Mesquite, Hickory, and alder are good for someone as a gift.
There is a great variation in their smoking characteristics, and can be mixed to get a creative taste to different types of meat, poultry and game.
We use these primarily.
It should be noted that although I can't speak for the Traeger brand pellets, most good pellets are nothing more than 100% pure wood that are simply milled and then compressed under high pressure to form the pellet. No additives need be added, but I'm sure cheaper pellets could be blends of cheaper substances as binders along with real wood. Check when you buy.
Why do we use pellets, simple, you can get all the advantages of wood with a very accurate way of getting the smoke to the meat. Pellets allow you to control very carefully when , how long and with how much smoke you apply. They are also easily blended accurately to insure you make consistant product.
It really is annoying when you see wanna be's that think they know it all about something make generalized statements like some of the above. Pellets in a lot of cases are nothing more than 100% wood period.
So I think its a good idea to give your friend a variation to try, and encourage him to weigh and blend them, as he may find a nice combination that will go well with a certain type of meat.
Home and commercial BBQ couldn't be further from this competition crap that everyone seems to hold in high esteem. It's designed to try and sell someone that may not even be qualified to say this one is better than that one with nothing but one bite and a couple overrated tests on how it should break apart. I know some that won't eat or produce what they'd cook for a competition. I've never been impressed by that facet of BBQ, nor do I see it anything other than it is, a profession or hobby onto itself.
Your comments seem right on point. I did check out the Q-Pellets before I bought them for my friends and they are 100% wood with no fillers. When I bought the Traeger I bought a bag of apple and a bag of cherry Traeger pellets. This week I am going to buy a bag of red oak and a bag of hickory from Q-Pellets. It will be interesting to try them.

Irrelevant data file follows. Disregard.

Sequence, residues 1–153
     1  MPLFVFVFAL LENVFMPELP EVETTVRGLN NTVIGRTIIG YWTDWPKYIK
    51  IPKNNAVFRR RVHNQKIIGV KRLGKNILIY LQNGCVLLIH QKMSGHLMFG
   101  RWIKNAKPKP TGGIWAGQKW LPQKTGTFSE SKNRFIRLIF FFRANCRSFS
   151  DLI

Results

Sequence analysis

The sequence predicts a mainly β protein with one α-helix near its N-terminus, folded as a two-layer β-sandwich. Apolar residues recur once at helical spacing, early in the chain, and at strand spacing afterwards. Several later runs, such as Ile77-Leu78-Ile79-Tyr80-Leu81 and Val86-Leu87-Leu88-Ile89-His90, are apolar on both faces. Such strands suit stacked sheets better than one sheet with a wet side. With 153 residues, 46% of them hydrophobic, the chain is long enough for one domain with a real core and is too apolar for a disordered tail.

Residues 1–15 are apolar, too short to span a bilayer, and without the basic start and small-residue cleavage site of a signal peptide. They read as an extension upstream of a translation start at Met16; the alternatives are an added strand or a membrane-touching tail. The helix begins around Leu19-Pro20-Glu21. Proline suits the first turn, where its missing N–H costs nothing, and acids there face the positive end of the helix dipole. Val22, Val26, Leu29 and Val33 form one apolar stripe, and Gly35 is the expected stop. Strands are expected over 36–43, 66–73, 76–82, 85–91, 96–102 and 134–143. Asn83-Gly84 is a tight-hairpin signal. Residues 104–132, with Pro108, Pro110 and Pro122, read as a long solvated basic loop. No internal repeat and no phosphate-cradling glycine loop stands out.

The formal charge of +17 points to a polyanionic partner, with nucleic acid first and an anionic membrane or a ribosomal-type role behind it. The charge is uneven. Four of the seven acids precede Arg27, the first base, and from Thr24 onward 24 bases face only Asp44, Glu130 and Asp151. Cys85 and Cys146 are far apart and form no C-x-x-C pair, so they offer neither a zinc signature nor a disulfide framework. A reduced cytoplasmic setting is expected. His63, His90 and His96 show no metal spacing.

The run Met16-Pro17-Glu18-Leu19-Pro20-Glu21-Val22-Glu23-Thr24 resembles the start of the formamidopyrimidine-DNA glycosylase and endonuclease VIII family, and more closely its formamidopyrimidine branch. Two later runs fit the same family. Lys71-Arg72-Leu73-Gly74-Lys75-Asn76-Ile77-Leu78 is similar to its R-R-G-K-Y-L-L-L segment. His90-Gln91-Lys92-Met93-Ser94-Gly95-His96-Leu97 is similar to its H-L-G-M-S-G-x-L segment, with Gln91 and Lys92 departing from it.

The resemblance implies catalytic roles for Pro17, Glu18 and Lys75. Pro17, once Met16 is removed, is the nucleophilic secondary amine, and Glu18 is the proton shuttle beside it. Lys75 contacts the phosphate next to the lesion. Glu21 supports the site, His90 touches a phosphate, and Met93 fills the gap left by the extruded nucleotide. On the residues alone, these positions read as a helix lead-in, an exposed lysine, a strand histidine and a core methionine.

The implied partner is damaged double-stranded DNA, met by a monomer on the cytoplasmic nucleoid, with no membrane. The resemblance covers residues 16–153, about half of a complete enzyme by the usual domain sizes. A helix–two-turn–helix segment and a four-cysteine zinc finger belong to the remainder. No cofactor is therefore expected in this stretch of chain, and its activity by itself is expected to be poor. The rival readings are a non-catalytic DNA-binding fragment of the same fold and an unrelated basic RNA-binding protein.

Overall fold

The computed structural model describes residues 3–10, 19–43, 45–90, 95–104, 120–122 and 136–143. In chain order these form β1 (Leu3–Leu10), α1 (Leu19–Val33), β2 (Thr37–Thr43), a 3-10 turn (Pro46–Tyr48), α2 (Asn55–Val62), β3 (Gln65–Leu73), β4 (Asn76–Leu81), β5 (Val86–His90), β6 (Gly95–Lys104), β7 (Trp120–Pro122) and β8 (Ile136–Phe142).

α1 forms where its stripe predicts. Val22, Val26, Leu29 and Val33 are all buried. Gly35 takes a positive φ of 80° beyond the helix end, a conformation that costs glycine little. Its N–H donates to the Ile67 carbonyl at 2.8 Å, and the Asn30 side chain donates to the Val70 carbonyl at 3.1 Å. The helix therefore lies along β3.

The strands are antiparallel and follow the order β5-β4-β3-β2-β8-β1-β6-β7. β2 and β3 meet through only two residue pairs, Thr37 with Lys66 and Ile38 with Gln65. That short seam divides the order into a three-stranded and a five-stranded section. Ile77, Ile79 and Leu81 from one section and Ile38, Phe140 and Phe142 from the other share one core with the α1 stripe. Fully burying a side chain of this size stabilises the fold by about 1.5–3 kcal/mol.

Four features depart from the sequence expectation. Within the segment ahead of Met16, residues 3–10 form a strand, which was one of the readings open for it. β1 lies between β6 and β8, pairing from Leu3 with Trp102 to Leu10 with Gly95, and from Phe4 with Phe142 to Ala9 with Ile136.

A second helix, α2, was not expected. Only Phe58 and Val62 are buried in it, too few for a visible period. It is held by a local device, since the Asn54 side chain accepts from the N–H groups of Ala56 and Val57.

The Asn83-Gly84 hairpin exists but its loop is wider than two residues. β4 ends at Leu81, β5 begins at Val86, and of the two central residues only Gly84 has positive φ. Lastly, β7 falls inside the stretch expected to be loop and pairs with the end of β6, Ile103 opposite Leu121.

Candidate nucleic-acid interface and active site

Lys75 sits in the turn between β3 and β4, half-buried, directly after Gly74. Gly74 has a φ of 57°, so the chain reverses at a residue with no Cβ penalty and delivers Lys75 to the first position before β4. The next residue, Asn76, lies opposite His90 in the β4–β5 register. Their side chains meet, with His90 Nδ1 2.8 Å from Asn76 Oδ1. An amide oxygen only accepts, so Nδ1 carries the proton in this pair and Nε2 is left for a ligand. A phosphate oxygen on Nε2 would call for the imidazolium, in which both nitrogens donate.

As far as some of the other comments I think you alluded to, I agree. I've smoked with wood before and like it. It is a mess though and hard to do without a real smoker. This is a nice smoker for wood I wish I had, at Joel's BBQ in Flatonia, TX.
Not very practical for the home. But boy, did it make some wonderful Texas brisket! Lump charcoal----well, I won't even touch that comment.
Years ago I was asked to take a class with someone to be a KCBS judge. On that too, you are right. I am not looking to make competition ribs, brisket and chicken. What I am looking for now is the not only make good quality ribs, pulled pork and brisket (not necessarily with "sanctioned" spices) but challenge my creativity by coming up with some unusual smoked dishes. I can't wait to do lamb, duck, pork loin, mutton, goat, halibut, short ribs and an apple cobbler. I respect the competition chefs immensely and have been to many contests. I'm not trying to compete with them. My purpose in getting the Traeger, is simple----I want to make the best 'que possible in a home environment for my friends.
Can you suggest any good combinations of pellets you have found towork well together? Or any types of food I haven't yet thought of to smoke? maybe also interesting spices that go well with smoke?
<message edited by EdSails on Sun, 04/7/13 10:13 AM>